Respectfully we don't know anything the Turpins will bring as a defense.
"The chains are bad enough, but we also have to take that in context of everything else we've heard. If this were simply a story of parents being arrested for keeping a child in chains, it might be possible (although still not likely) that we were dealing with uneducated, desperate, possibly borderline intellectually disabled people who simply could not think of a better way of dealing with a violent, troubled child who posed a danger to himself and others."
How do you or anyone if us know as you stated as fact that "not close to the story here" Respectfully do you know something we don't know?
And again discovery just started and we know nothing of anything on evidence. Defense filed a Motion on 18, I will find link. Only thing I am aware of.
But beyond a reasonable doubt will be what DA will prove on any charges that make to actual trial before one of possibly 2 juries. Unknown if the will be severed or not.
This is going to be my last post responding to you on this. As many of us have said, we are forming conclusions based on the totality of information that has so far come out. Obviously, the Turpins, like every other defendant, will have an opportunity to present a defense and go through a full trial, if they so choose. However, in light of numerous statements on the part of legal and medical authorities suggesting that these children suffered pervasive abuse in multiple ways (restraint, starvation, educational deprivation, neglect), I don't feel any need to grasp at straws as to why all or any of this might be justifiable.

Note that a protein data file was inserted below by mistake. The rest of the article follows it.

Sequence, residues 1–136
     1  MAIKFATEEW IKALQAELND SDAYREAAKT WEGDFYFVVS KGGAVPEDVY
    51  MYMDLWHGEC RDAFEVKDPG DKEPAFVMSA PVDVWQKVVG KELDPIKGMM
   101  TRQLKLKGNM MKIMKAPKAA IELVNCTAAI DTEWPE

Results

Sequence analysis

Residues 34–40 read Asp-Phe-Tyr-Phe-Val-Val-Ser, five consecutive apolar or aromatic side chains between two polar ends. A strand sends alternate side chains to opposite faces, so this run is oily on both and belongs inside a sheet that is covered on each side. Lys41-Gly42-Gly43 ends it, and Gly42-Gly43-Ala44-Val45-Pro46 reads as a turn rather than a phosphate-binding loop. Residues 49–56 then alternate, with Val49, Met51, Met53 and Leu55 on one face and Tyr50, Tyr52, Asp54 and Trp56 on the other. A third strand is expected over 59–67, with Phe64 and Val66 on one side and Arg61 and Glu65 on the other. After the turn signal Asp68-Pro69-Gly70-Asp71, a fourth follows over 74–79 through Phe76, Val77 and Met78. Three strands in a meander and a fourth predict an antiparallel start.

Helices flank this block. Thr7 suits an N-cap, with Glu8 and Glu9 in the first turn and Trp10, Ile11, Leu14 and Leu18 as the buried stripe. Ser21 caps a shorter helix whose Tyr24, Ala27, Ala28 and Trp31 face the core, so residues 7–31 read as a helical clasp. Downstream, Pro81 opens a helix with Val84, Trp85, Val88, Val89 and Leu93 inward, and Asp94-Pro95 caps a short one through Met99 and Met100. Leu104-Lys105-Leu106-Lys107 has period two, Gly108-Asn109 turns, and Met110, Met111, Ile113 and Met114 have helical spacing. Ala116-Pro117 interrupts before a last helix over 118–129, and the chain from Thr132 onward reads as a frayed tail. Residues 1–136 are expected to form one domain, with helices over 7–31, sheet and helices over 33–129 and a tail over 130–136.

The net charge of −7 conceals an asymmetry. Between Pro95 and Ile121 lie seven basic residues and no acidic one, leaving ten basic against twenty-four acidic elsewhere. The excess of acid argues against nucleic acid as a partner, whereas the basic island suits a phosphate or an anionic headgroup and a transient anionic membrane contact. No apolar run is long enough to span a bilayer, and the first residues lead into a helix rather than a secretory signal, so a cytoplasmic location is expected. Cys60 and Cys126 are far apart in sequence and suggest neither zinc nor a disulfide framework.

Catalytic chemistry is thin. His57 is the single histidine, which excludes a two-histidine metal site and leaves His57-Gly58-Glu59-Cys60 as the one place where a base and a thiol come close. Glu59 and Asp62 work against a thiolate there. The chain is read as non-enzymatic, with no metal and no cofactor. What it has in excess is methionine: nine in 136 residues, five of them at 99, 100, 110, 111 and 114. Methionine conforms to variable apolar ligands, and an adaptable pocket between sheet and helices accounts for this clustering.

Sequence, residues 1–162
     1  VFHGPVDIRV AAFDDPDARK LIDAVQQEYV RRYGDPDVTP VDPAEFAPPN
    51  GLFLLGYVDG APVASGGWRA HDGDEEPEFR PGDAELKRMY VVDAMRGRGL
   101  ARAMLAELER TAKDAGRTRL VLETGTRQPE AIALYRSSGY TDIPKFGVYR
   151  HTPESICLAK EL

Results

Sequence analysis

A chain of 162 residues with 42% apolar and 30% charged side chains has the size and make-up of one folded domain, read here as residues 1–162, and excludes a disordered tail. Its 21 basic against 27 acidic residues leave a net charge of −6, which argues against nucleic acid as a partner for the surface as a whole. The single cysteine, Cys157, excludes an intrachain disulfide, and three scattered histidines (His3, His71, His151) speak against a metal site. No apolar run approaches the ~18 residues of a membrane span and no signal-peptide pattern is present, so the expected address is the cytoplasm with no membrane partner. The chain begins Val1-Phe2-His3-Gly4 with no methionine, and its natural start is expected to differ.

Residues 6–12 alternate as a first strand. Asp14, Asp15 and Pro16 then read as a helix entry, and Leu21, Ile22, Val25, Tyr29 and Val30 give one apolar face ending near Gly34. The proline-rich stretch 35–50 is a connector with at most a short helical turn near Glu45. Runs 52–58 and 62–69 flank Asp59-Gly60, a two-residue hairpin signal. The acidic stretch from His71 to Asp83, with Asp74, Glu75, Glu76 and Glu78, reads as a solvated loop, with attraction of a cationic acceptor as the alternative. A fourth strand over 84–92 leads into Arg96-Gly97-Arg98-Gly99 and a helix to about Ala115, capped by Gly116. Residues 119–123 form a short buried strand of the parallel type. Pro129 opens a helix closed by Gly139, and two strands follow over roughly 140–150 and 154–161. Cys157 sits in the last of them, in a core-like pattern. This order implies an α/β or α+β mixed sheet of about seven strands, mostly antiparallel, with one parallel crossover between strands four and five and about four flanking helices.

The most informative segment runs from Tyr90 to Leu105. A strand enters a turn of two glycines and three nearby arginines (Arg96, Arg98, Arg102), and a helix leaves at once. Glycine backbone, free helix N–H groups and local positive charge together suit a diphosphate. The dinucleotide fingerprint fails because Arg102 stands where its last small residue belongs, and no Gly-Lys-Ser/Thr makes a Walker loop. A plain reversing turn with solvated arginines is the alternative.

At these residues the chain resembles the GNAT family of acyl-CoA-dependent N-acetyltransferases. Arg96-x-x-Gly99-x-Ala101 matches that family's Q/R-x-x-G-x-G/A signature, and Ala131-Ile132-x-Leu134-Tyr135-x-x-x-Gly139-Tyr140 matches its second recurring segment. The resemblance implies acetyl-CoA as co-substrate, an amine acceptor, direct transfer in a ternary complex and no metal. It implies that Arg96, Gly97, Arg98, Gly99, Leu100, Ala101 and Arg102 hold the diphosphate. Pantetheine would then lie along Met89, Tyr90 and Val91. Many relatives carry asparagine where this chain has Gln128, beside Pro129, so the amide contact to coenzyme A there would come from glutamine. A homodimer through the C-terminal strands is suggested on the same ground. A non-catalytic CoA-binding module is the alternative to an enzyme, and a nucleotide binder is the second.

I never claimed to know anything anyone else doesn't. I offered a hypothetical other type of case -- in which parents were arrested after chaining a child up -- and said, completely accurately, that that "isn't close to the story here," because it isn't. This is a case in which the parents are accused of multiple forms of pervasive abuse. So, even on the basis of the nature of the accusation, the kind of justification or mitigation that might apply in one case is not going to apply here, because granting the utmost benefit of the doubt on the logic of chaining up a child (and that phrase itself boggles my mind), that would not explain away the other charges, many of which have been backed up by numerous statements from professionals. So yes, I can confidently state as fact that the two scenarios I have described are different.
Again, I'm done.